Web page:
Hopkinton Public Schools issued a statement promising to work to create a safe environment for all students after it was revealed this month that the parents of a former Hopkinton High School freshman sued Hopkinton High School hockey coach Chris MacPherson for failing to stop players from harassing their son last season.
The suit was moved to U.S. District Court in Boston in early January, after initially being filed in Middlesex Superior Court in November.
The boy, who was identified as John Doe in the lawsuit, claimed to have been harassed daily between December 2018 and February 2019, most notably in the locker room and on the team bus. The suit indicates that MacPherson failed to stop the harassment after being notified about it from the start by Doe’s father, who first met with MacPherson on Dec. 10.
According to the complaint, “Doe was harassed by teammates due to his failure to conform to male gender stereotypes and perceived sexual orientation.”
The suit alleges that fellow players took photos and videos of him, including some in the locker room and at least one of him exiting the shower, and posted some on SnapChat. The suit also alleges that the teammates frequently teased him about his perceived sexual orientation.
The boy eventually left Hopkinton High School and enrolled in a private school. The suit indicates Doe started lashing out at his family and his grades suffered. During the season he started mental health therapy, which was continuing this year.
The suit alleges that MacPherson “did nothing” to stop the harassment, even failing to ask Doe “how he was doing or if any of the behavior that his father had reported was continuing.”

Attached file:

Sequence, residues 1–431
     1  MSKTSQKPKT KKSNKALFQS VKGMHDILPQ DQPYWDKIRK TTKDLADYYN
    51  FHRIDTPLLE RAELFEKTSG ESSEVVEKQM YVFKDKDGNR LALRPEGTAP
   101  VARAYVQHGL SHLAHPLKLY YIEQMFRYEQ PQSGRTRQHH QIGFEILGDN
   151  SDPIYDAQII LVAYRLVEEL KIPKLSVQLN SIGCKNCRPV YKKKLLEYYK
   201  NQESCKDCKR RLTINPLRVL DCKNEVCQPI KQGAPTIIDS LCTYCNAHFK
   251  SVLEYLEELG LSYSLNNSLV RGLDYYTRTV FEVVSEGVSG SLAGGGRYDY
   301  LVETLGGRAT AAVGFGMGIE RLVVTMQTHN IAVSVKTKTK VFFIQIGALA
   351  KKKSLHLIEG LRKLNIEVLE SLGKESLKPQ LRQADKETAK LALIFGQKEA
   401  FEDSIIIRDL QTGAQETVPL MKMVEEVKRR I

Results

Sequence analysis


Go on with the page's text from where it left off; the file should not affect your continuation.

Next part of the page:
It continued: “MacPherson promised to watch out for any harassment, but then took no action and did not monitor the locker room or buses where the harassment occurred.”
According to the suit, “MacPherson’s failure to act was reckless, deliberately indifferent, and caused John Doe significant harm.”
Asked by the MetroWest Daily News in early January why Doe’s family elected to sue only MacPherson, attorney Joseph Sulman said, “That’s just the decision we decided to make.” Asked if the family would pursue further action, he said. “We’ll see where the facts lead us.”
As reported by the Hopkinton Independent last March, eight underclassmen were suspended from the team in February for the remainder of the season.
In a press release issued Jan. 12, after the lawsuit became public, superintendent Carol Cavanaugh called the behavior “wholly inconsistent with the high standards of behavior demanded of our student-athletes” and indicated that law enforcement “became involved” to address the issue.
“Following the investigation, school officials worked with and will continue to work with the athletic director, coaches and all teams to reinforce anti-bullying training and to create an environment where students feel safe enough to come forward and report concerns to an adult,” Cavanaugh stated, adding that there would be no further comment “due to the confidentiality rights of all parties involved.”